#CarQuiz 61 Estate of mind. How to feel cool in a practical automobile.

Until the age of around 16, a ridiculously large proportion of what happened in my head centered around cars. Only when girls started to compete as an object of my attention and it turned out not all of them were as interested as me in discussing, at length, the design intricacies of the McLaren F1, that it seemed developing something approximating a personality became a necessity to me.

In those days my car future was crystal clear to me. I would spend my days roaming the highways, passes and b-roads of Europe in something with two seats, a blaring loud engine behind my back and the pedal to the proverbial metal. I would, off course, ignore all the practical considerations I’d read about in my car mags and laugh in the face of such mundane thoughts.

Oh, how the reality of automotive life has slapped me in the face with its oily rag. The fun car I have tucked away somewhere spends most of its time, well…, tucked away. I now spend my days and miles behind the wheel of a “lifestyle estate” car with my kids in the back like most everyone else. Still, somehow, my perception has miraculously changed and I still  manage to feel smug about my current situation. How does that work then?

Off course, as you may correctly be arguing, much off that is directly attributable to a highly self-centred personality. Anything I am doing must be cool right? Right…? Some credit must be given though to the car manufacturers targeting the relevant demographic: burdened by offspring and other practical considerations but still in that phase of their life where they will part with a nice slice of hard-earned for something that will make them feel good about themselves.

So where lies the genesis of the nice estate car? Nowadays we seem to take for granted that Audi Avants, Alfa Sportwagons and BMW Tourings have a touch of cool about them. But where did that all start?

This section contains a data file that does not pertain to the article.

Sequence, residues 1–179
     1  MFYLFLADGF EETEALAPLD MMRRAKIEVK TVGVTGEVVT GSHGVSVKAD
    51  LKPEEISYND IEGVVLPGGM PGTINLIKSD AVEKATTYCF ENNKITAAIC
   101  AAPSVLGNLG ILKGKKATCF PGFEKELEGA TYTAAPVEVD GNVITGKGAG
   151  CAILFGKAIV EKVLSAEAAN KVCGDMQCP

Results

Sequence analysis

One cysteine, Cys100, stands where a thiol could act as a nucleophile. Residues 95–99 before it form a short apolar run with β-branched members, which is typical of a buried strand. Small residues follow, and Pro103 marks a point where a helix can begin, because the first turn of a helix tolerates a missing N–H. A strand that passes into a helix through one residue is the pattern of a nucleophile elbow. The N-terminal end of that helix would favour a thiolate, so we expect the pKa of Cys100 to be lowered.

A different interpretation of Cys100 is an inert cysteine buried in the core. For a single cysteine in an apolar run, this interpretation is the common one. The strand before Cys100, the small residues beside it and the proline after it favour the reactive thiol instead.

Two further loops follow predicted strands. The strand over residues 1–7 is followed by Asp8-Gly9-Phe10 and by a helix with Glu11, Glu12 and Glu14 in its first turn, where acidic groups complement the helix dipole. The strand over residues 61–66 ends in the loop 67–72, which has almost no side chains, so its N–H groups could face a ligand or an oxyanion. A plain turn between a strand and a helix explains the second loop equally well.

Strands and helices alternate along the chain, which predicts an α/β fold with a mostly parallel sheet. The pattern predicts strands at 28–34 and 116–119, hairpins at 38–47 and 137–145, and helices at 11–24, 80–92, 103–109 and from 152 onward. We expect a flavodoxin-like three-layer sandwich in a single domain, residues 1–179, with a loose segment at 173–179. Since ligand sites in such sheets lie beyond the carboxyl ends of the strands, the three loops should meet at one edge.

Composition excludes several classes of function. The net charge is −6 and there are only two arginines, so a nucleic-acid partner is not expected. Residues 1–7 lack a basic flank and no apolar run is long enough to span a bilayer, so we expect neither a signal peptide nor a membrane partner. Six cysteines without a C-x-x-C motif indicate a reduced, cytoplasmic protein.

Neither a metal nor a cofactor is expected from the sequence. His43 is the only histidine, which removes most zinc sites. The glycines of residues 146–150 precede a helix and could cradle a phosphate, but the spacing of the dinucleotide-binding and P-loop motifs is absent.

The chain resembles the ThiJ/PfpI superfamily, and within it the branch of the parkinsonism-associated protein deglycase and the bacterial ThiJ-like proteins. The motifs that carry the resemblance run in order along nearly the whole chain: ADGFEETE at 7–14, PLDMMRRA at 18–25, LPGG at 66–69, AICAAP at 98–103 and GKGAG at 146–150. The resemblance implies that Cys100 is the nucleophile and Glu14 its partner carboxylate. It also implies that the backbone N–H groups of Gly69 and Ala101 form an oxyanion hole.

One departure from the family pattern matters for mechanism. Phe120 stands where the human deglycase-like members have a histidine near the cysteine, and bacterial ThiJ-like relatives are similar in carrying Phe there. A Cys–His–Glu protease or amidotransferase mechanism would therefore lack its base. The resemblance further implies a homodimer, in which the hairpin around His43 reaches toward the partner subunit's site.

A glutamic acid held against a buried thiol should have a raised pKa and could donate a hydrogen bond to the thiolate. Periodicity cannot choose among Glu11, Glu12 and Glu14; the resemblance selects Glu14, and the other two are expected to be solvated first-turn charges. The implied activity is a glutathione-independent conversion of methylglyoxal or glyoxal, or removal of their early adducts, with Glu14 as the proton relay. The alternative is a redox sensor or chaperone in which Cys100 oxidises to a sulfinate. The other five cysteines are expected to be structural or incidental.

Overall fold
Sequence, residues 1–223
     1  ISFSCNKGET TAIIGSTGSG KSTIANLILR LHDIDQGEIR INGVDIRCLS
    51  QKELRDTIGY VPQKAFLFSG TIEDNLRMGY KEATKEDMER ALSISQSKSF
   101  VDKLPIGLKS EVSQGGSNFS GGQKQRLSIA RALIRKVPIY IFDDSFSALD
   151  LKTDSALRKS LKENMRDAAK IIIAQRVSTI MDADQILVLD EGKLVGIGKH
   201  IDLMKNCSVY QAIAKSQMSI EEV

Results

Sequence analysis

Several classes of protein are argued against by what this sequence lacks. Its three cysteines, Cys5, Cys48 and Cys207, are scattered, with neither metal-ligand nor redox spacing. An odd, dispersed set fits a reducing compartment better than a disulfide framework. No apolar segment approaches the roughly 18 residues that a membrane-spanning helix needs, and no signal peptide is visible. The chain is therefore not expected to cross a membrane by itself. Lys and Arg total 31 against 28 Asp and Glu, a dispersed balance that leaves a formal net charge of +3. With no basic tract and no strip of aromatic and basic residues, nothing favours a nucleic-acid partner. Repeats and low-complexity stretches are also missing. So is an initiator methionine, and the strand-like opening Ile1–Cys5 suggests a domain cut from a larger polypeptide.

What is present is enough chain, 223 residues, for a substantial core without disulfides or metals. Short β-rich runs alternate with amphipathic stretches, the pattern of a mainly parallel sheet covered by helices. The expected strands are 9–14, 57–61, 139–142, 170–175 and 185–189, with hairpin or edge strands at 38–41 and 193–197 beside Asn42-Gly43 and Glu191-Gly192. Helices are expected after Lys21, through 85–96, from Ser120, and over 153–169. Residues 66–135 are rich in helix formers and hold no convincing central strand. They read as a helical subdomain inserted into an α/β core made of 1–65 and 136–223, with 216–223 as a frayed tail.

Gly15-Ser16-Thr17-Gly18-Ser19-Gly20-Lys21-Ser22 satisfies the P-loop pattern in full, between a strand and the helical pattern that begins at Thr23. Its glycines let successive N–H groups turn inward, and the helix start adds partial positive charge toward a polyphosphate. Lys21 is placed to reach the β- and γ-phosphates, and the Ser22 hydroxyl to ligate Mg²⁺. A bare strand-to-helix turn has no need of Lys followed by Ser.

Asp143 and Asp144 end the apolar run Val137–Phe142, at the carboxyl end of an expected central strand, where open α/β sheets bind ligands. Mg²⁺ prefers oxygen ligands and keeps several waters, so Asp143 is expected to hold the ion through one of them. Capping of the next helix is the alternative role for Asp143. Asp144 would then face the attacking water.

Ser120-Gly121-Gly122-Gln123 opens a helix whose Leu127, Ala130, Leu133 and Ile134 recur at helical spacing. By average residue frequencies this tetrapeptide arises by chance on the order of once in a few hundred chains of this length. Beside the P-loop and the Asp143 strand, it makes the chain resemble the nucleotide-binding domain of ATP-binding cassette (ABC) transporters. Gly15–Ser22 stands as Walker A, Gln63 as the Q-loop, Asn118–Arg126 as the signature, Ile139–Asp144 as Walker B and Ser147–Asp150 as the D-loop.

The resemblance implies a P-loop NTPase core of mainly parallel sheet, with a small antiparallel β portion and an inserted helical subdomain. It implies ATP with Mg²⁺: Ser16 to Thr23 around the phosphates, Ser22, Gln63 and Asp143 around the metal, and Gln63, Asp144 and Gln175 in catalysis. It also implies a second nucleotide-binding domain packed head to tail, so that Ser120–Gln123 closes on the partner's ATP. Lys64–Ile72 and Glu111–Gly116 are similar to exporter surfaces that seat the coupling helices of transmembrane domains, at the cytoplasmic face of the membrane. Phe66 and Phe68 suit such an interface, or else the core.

Please don’t talk to me about woodies or other wood grain adorned Americana. You may seem cool on the way to the beach with that surfboard on the roof right now, that was

VW hässliches Entlein

certainly not the case when these were originally designed for the dollar spending house fathers in suburbia. The VW type 4 Variant may also seem like a most excellent base for that cool project car you have been pondering. However if you want to know how it was perceived when launched I suggest you look up the German for “ugly duckling” (don’t bother, its “hässliches Entlein”).

It’s going to be very hard to pinpoint the exact starting point for cool estate cars (but please use the comment field below to add your suggestions). A full 20 minutes of desk-top

Why don't we just have our, ehrm, pick-nick in here Romy?

research reveals to me however, that 1959 must have been a pivotal point from a European point of view. It marks the start of production of both the Citroën DS break and the answer to #CarQuiz 61, the Saab 95. Either of these cars must have made quite an impression on a 1950’s young father in a car buying mood. I guess it must have been down to whether you were more prone to some aerospace heritage and picturing yourself “piloting” your Saab, or if you saw yourself as a budding Alain Delon picking up Romy Schneider for a spot of “picknicking” in a field. I’m pretty sure I would have been a sucker for either of them.

"That's right! Ice... man. I am dangerous"

1 thought on “#CarQuiz 61 Estate of mind. How to feel cool in a practical automobile.

  1. It’s quite interesting that Saab didn’t concider the 95 to be a success since they didn’t replace it and didn’t have a estate until the 9-5 came in this version 1998 or something.
    They always thought the “combi-coupe” was much more convenient and cool (original 99, 900 and 9000).

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